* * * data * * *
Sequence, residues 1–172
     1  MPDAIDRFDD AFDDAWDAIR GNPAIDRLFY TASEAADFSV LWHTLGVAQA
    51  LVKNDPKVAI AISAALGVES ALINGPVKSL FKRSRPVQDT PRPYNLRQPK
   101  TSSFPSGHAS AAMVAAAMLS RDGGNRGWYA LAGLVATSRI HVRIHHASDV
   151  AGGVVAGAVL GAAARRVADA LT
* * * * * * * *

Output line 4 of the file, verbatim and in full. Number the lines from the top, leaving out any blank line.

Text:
   101  TSSFPSGHAS AAMVAAAMLS RDGGNRGWYA LAGLVATSRI HVRIHHASDV